Also all judges, not only Supreme Court Judges, come under the Legal Service Commission (Article 111 of the Constitution) whose members consist of the AG (who is appointed by the PM), the CJ, the Chairman of the PSC, and between three and six other members appointed by the PM, the CJ and the Chairman of the PSC. To show the influence the Government exercises over the judiciary, one need only point to the notorious case in 1986 when Michael Khoo, who had refused to do LKY’s bidding in full and impose on JBJ a penalty requiring his disqualification from Parliament, was punished by being removed as a District Judge and sent back to the AG’s Chambers. When LKY made his notorious “hatchet man” speech attacking JBJ for saying that the judiciary was not independent, h actually provided the best evidence for it by saying the CJ was his best friend:
“Jeyaretnam was attacking the system, he brought the Chief Justice into it. If I want to fix you, do I need the Chief Justice to fix you? Everybody knows that in my bag I have a hatchet, and a very sharp one. You take me on, I take my hatchet, we meet in the cul-de-sac. That’s the way I had to survive in the past. That’s the way the communists tackled me. He brought the Chief Justice into the political arena. He brought my only friend in university into our quarrel. How dare he!”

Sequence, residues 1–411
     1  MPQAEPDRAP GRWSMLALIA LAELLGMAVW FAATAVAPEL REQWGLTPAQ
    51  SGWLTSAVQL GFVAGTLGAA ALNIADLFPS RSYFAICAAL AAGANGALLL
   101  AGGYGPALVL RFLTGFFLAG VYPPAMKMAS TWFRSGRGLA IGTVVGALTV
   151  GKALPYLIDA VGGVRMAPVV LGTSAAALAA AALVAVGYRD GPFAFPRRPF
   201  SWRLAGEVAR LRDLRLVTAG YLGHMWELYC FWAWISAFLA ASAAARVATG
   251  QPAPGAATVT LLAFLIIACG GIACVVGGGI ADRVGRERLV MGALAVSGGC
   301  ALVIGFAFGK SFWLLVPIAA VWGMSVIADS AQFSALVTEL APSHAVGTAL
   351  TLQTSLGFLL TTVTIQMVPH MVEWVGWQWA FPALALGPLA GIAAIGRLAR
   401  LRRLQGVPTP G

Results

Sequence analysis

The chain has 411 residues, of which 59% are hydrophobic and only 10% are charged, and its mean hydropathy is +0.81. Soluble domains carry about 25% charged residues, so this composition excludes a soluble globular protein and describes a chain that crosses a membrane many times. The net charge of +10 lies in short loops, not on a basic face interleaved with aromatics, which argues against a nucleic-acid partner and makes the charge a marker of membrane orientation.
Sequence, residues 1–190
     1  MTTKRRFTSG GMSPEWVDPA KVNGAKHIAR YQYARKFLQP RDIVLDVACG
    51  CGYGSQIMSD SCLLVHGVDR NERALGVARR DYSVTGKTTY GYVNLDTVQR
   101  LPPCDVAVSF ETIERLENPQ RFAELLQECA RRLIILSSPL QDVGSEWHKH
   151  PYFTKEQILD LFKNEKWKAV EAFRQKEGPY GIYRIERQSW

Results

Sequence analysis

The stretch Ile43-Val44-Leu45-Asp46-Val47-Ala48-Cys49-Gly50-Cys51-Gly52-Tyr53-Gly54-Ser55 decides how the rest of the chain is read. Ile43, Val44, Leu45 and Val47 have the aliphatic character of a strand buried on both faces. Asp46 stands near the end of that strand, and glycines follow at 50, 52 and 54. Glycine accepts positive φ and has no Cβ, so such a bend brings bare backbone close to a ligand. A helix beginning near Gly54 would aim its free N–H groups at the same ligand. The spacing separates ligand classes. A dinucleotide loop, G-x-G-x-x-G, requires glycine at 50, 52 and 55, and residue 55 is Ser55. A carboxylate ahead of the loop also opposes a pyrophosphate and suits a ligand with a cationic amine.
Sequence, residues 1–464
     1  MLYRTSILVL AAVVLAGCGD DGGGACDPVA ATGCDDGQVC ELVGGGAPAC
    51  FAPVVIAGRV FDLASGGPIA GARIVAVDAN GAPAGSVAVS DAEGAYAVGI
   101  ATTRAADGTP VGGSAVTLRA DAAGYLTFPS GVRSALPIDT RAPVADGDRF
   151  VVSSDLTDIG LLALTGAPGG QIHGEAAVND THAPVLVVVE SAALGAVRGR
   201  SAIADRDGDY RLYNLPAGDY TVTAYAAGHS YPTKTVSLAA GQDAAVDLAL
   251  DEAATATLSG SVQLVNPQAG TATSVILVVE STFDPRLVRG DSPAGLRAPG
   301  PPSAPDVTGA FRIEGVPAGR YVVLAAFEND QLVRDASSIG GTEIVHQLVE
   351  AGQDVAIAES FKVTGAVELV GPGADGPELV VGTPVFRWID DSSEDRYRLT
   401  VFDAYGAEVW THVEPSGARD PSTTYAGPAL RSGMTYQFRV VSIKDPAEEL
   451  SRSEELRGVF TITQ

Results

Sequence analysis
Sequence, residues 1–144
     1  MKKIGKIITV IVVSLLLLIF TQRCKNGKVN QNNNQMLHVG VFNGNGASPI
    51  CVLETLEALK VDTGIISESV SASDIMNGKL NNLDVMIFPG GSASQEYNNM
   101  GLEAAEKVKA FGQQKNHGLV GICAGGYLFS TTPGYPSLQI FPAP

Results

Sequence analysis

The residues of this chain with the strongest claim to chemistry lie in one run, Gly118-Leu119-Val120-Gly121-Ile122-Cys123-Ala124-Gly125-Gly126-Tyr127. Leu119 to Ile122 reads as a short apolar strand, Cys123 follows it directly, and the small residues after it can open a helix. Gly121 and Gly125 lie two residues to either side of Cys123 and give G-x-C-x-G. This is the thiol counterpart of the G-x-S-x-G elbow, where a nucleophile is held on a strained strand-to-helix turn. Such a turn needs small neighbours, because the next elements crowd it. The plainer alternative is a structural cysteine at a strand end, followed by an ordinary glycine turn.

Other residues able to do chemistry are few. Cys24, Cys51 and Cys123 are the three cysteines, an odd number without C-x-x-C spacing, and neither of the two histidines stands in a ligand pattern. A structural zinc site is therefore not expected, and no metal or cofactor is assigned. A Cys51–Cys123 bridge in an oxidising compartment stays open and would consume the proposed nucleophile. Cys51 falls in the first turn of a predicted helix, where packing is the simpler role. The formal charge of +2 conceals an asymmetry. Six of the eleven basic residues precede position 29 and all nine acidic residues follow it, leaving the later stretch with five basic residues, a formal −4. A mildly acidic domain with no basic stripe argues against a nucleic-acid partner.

The clearest evidence for Government influence over the judiciary was provided by the judges themselves when dismissing my appeal against the High Court’s judgement in the action I brought over SIngapore’s US$4 billion IMF loan commitment. The Appeal Judges said they saw their role as “greenlighting” the Executive and not concerning themselves with Constitutional breaches. They also ruled that Singaporeans were not able to sue the Government unless there were very specific circumstances only applying to the litigant.
As Sundaresh Menon previously served as the AG, who is appointed by the PM, serves as the Government’s legal adviser and whose prosecutorial function has often been seen to be deployed selectively against the Government’s enemies while turning a blind eye to offences committed by Government members including the Pm, he can hardly be said to be independent.
In the UK, on which Singapore’s Legal Service is modelled, the power to appoint judges was taken away from the Government and put in the hands of an independent Judicial Appointments Commission in 2006. Rather than try to silence M. Ravi and others through the use of repressive laws that have been repealed in the country from which Singapore’s legal system is derived, if the Government wants to prove that the judiciary is independent it needs to take the power to appoint judges away from Lee Hsien Loong and put it in the hands of an independent commission which has no connection with the Legal Service.